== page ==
Published on: March 24, 2011
by Kevin Coupe
Content Guy’s Note: Below is a commentary on the same subject as the video piece, but it isn’t word-for-word the same. You can look at both, or either...it is up to you. I look forward to hearing from you.
Hi, I’m Kevin Coupe and this is what’s on my mind this morning...
There was a nice piece in the Boston Globe this week about so-called “Men’s Zones” that Procter & Gamble is testing in various retailers - including HEB and Target - around the country. The concept is to create male-specific aisles in stores where men can find and select grooming products especially for them - ranging from razors to hair coloring products to body washes to shampoos and deodorants.
And it isn’t just P&G that has its eye on the male market. Duane Reade, the NY drugstore chain owned by Walgreen, also is testing a Men’s Zone concept, and Unilever has rolled out a variety of men’s grooming products designed to appeal to us guys.
The thinking behind these concepts is simple - that guys like to buy stuff, while women like to shop. And therefore, the departments designed to appeal to them should be laid out differently, have a different approach to SKU rationalization, and even have a different decor package to make us guys feel at home.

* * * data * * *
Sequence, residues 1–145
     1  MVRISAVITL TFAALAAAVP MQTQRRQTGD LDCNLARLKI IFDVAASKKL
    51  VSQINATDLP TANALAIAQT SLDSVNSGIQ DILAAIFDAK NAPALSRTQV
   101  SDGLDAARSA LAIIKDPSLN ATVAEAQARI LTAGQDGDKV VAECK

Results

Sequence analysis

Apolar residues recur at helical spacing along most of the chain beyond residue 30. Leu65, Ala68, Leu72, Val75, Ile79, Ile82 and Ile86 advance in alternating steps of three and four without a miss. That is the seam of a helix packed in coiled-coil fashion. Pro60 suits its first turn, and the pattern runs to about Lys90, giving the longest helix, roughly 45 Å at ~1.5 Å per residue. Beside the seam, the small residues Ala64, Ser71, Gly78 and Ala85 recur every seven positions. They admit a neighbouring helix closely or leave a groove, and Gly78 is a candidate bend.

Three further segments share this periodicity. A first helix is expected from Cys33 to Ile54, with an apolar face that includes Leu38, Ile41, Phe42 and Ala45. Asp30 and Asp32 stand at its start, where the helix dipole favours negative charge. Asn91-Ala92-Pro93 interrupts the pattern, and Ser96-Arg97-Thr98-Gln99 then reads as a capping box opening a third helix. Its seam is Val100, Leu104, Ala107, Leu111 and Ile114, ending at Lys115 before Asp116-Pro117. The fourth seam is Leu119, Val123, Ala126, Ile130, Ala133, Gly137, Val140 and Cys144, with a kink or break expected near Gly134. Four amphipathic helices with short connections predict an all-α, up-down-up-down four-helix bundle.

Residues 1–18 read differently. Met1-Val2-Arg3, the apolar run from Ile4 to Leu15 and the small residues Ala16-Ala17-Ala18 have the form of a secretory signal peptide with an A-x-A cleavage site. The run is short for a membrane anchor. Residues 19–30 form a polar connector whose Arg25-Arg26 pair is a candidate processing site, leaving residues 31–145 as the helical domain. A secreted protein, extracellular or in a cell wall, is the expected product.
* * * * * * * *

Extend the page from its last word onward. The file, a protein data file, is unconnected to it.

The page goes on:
But it occurs to me that this approach ought not be reserved for the HBC area of the store. The fact is that guys, because we’ve been disproportionately affected by the recession, have more time to do the food shopping these days, and are undertaking more of those responsibilities. Plus, we’re doing more of the cooking.
So maybe stores ought to think about food sections that are designed specifically for guys, with products that appeal to us - not just the way we shop, but also the way we cook and eat. They could go beyond what traditionally has been described as “meal solutions,” and be specifically developed to help guys meet new and expanding responsibilities. In fact, stores could get guys to help them design such sections - “Man Caves,” if you will - that would gives stores a differential advantage with a target demographic.
It’s just an idea ... but I think that anything stores can do to reach out to different, even non-traditional customer groups, is a good thing.
That’s what’s on my mind this Thursday morning. As always, I want to hear what’s on your mind.
- KC's View: